Renowned Professor Discusses WCMC-Q Students’ Involvement in Breakthrough Sleep Study

Published October 15th, 2009 - 11:53 GMT

Cornell psychology professor and best selling author James Maas, PhD, is including WCMC-Q premedical students in his latest study on the relationship between sleep and overall health.

“This is a huge study and it’s got a nice cross-cultural element,” says Dr. Maas, who was in Doha this week to give lectures to WCMC-Q students for his Psychology 101 course. “I’m excited to conduct this study in Qatar as well as in New York because I think students in Doha could benefit from giving sleep more of a priority. Many students in Doha practice a very nice custom of spending time with their parents and grandparents, but it’s a custom that could take away from study time and sleep time. We’re seeing a lot of students trying to survive on five or six hours when they are supposed to have at least nine.”

“Sleep deprivation affects alertness and it shortens your life,” continued Maas, whose book “Power Sleep” topped the best selling US book charts when it was released. 

At Cornell University in Ithaca, New York, Dr. Maas’ Psychology 101 course draws as many as 1300 students, making it the largest live lecture in the US. While working on his latest book, which reviews sleep-monitoring systems, he found a new product that impressed him—the Zeo Personal Sleep Coach—and decided to use it for a study involving 450 of his students from both Ithaca and Qatar. He considers the study especially pertinent to medical students.

“More than a few doctors aren’t getting enough sleep, and this affects everything, including their energy level, stamina, how patient they are with their patients, how quickly they can diagnose uncommon disorders and how quickly they can pick up and parse out treatments,” Dr. Maas said. In addition, he says there are at least 89 definable sleep disorders.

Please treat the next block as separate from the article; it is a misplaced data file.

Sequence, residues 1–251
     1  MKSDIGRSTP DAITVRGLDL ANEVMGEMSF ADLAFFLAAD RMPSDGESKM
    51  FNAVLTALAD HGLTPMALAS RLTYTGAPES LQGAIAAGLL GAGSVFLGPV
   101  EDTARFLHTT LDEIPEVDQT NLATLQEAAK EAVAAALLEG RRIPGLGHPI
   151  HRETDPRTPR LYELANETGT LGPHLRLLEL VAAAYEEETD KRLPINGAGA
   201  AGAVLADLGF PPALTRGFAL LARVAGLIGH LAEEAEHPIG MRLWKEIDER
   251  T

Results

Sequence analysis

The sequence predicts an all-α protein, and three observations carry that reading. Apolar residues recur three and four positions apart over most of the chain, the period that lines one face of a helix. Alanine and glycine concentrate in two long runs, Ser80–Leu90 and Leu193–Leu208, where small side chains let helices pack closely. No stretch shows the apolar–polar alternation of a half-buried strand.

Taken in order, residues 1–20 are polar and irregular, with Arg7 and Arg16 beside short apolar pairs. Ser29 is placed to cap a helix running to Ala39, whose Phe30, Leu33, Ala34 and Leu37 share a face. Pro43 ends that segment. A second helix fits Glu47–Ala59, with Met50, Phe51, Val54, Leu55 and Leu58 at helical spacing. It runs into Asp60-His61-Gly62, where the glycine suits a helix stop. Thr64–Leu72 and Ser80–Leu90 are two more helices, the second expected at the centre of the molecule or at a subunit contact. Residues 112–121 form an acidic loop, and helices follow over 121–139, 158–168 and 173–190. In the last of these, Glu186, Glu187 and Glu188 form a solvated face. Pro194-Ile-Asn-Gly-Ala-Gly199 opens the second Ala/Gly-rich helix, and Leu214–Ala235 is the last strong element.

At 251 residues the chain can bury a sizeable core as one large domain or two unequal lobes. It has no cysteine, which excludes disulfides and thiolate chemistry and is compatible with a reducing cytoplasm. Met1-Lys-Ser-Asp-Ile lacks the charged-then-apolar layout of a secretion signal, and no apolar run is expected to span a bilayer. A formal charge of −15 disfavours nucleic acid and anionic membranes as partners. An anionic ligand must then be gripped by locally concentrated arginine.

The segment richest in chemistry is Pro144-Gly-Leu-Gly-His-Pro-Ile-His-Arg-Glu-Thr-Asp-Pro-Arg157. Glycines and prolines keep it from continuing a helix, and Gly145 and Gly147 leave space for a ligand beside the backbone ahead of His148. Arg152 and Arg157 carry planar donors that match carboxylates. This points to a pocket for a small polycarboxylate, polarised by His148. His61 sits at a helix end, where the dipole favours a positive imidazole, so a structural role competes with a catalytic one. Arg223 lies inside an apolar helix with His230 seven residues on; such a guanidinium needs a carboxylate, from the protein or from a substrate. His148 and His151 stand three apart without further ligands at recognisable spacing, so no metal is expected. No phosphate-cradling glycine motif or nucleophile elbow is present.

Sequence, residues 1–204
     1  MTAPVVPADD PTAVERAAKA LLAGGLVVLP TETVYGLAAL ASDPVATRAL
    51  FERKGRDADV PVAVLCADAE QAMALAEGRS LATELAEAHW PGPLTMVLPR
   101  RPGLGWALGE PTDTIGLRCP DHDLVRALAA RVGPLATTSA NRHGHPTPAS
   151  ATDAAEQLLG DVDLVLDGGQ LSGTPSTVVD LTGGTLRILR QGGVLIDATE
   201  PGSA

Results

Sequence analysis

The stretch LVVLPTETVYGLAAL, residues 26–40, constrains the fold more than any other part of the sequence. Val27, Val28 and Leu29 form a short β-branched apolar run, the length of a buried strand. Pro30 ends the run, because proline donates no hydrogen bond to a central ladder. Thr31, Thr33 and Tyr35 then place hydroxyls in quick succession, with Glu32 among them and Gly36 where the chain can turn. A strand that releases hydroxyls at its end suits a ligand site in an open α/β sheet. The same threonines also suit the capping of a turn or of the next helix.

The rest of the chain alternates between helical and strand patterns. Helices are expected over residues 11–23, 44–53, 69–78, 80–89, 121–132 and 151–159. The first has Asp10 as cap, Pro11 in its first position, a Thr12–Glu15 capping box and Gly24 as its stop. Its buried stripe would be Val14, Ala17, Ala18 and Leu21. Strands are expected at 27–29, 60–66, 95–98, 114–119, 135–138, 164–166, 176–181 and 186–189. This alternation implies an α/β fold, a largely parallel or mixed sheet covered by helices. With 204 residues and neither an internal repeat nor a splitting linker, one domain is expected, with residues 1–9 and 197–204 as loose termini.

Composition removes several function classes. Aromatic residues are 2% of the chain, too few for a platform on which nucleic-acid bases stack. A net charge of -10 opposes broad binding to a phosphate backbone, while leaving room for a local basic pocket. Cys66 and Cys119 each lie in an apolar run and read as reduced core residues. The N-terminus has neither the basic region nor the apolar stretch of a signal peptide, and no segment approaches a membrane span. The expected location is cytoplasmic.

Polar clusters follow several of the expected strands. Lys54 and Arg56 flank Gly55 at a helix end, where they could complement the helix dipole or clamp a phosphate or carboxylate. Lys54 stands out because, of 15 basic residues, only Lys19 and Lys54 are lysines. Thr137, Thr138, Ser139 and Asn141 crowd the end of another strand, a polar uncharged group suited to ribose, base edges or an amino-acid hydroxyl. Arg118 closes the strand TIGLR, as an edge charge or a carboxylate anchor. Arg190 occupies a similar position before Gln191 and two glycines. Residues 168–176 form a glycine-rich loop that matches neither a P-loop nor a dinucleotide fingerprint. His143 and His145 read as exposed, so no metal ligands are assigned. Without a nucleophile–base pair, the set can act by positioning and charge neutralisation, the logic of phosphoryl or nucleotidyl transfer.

To collect data for the study, students used Zeo for several nights. Zeo consists of a wireless headband that monitors brainwaves and a small alarm clock-like bedside display. The bedside display receives signals from the headband, interprets which phase of sleep you are in, and displays your sleep data. Each morning, the students received a sleep score, called ZQ, and, over the course of the study, analyzed their own their sleep trends to apply what they learned in the classroom.

WCMC-Q students say the study has caused them to think more seriously about their sleep. “One thing I realized, and I think it’s really important, is that even if we stay up late studying and working for many hours, we won’t be providing the best health care to our patients because our brains just won’t be functioning well,” said Nour Barakat, a WCMC-Q second-year premed student participating in the study.

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